Widewalls: Over the years, your pieces have been becoming more and more abstract. Can you tell us how this progression came to be? RR: As a graffiti writer you literally write your name over and over again… I was always looking for interesting ways to achieve that. Be it straight letters or wild styles or bubble letters or whatever… As I got to a stage where I felt I’d done that enough, the letters began to abstract. As they abstracted more and more they became less and less like characters or typography and more like spatial, architectural plains. It was a slow progression really throughout the 2000’s. First I began to deconstruct the letter forms into simpler and simpler shapes. The ‘O’ became a small triangle and I would also exaggerate the sizes too. Then slowly and slowly I began letting go of all this traditionalist baggage and finding more interesting things in the space itself. Negative and positive. I began to understand that the paintings have to dictate the end result, not the painter. If that makes any sense?
Widewalls: For several years now, you have been a part of the collective Agents of Change. Could you tell us something about these collaborative projects?
RR: We started AOC in 2008 when Timid, LX One, System and myself were invited to Berlin to exhibit at the Bridge Art Fair. We went with practically nothing and ended up walking the Berlin streets pulling posters off the street walls and taking them back to our apartment to paint on and draw on. We made a massive installation of the posters and ended up signing with a Berlin Gallery and a Santander Gallery for subsequent shows. It really made us look at how and why we made work. We went home after the art fair and decided to start a super collective with all the best people in their fields. Slowly and slowly, we got there. We are 12 artists now from the USA, Australia, Germany, France and the UK. The following project was ‘The Ghost Village Project’ which was an abandoned village in the West Coast of Scotland that we turned into an art installation. We made a 12 minute documentary of the project and ended up winning a couple of short film awards for it and we never even had a press release for it. The idea of Agents Of Change was to explore space. To do something new and exciting without the baggage of selling or trying to monetise it. It’s purely about the art… We also started AOC around the same time of the banks crash so it seemed fitting for us.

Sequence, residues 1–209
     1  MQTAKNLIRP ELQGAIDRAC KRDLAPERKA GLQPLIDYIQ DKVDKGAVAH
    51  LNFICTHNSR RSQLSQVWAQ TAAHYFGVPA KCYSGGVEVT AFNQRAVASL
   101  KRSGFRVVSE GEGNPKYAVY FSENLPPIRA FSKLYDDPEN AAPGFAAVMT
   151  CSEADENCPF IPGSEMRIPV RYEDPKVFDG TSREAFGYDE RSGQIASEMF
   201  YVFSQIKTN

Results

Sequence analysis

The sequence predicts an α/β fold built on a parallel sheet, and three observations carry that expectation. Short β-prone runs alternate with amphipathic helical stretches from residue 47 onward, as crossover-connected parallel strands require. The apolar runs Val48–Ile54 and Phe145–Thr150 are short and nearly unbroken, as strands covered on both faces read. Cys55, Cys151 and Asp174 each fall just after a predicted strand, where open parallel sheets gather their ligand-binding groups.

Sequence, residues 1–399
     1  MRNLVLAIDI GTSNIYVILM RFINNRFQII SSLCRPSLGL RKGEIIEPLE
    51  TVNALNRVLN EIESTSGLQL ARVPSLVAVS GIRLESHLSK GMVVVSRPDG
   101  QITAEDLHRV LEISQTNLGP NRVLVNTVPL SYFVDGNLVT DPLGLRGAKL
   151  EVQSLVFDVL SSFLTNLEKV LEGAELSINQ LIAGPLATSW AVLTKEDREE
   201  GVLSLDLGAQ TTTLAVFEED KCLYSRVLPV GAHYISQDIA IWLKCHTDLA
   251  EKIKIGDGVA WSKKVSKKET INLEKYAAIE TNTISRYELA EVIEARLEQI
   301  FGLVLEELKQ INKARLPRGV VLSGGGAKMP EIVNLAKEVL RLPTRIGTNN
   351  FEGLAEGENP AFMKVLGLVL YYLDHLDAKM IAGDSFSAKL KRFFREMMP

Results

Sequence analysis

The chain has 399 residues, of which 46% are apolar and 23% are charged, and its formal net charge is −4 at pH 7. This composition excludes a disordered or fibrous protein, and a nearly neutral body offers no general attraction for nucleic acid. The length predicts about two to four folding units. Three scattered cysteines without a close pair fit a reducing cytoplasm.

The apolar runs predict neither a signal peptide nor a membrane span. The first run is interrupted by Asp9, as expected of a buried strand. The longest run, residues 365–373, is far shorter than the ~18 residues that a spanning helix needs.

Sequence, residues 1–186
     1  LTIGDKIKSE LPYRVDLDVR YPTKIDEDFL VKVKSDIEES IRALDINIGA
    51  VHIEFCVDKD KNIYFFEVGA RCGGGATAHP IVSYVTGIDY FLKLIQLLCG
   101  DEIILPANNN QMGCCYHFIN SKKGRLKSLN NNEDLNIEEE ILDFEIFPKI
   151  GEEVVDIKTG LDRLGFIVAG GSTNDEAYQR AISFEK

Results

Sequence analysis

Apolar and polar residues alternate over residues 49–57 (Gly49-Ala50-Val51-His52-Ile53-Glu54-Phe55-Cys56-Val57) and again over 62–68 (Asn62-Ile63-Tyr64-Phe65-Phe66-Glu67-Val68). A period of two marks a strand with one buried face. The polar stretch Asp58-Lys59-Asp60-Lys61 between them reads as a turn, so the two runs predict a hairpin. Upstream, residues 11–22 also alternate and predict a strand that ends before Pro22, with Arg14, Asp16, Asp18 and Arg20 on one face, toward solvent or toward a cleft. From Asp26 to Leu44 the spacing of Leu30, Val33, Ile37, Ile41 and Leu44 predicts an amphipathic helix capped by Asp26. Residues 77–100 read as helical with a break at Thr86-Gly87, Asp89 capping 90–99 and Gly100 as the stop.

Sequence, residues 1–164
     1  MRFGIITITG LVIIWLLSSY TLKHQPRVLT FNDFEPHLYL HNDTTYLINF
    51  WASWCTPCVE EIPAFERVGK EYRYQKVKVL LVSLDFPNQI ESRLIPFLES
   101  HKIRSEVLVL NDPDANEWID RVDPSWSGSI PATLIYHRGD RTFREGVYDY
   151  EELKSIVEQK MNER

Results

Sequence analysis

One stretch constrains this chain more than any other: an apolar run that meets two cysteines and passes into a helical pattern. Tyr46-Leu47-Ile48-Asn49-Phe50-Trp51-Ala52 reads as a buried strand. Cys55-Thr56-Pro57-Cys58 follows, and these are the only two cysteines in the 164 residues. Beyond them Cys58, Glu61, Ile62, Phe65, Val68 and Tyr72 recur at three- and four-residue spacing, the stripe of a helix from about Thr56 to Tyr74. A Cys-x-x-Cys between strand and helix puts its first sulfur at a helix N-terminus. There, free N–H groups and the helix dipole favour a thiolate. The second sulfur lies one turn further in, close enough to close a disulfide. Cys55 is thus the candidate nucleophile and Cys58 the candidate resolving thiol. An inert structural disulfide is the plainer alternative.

Widewalls: Since it usually occupies a public space, what is the power and responsibility of street art today?
RR: I think street art and any public art really has an obligation to engage with the public. It’s always for them really. I don’t think all art has to be in any way political as such. I believe that just by actually being artists we’re making a political statement. It doesn’t have to be super obvious all of the time. The power in any piece of art is its ability to create emotions with the viewers. That’s what I like about painting murals. It’s all about the viewers in the end… I like that it transforms the environment into something other than what it was meant for.
Future Plans and Projects
Widewalls: Who are your influences, and whose work do you appreciate the most today?
RR: Oh my word… I have so many influences… From Malevich, Moholy-Nagy, Van Doesburg and Mondrian to Futura, Dondi, Jerry Inscoe and Steve More. I am always finding new inspirations. Charley Peters, Saturation Point, Sinta Tantra, Mark Francis… I could literally go on all day with the kind of artists that inspire me to me make art. I love Nicky Hirst’s work and Vhils is amazing for the kind of things he does. I often think I am so very lucky to be an artist and be surrounded by so many talented and beautiful people…
One of my favourite current artists is Steve More from Edinburgh. You should definitely give his work a look if you don’t already know it.
Widewalls: For the end, could you share some future plans and projects
RR: It’s funny, but I ended last year with a solo show at Speerstra Gallery in Switzerland and had nothing in the diary, then by Christmas suddenly I had a solo show in Rome, a museum show in Roubaix curated by Magda Danysz and a group show in New York curated by Lori Zimmer. So it all became very busy very quickly. I am also working on a huge monograph for release next year and some mural projects in Bellinzona, Monaco, Washington DC and some I have been working on a special edition graphic for the new Nike Air Woven release. I keep pretty busy. It’s hard work being an artist sometimes but I love it too. On top of all the work, I have to try and spend as much time as possible with my wife and daughter and we’ve been renovating our home which is a little like having a whole other job.
Featured images: Remi Rough, photo by Marco Cavarischi. All images courtesy of the artist.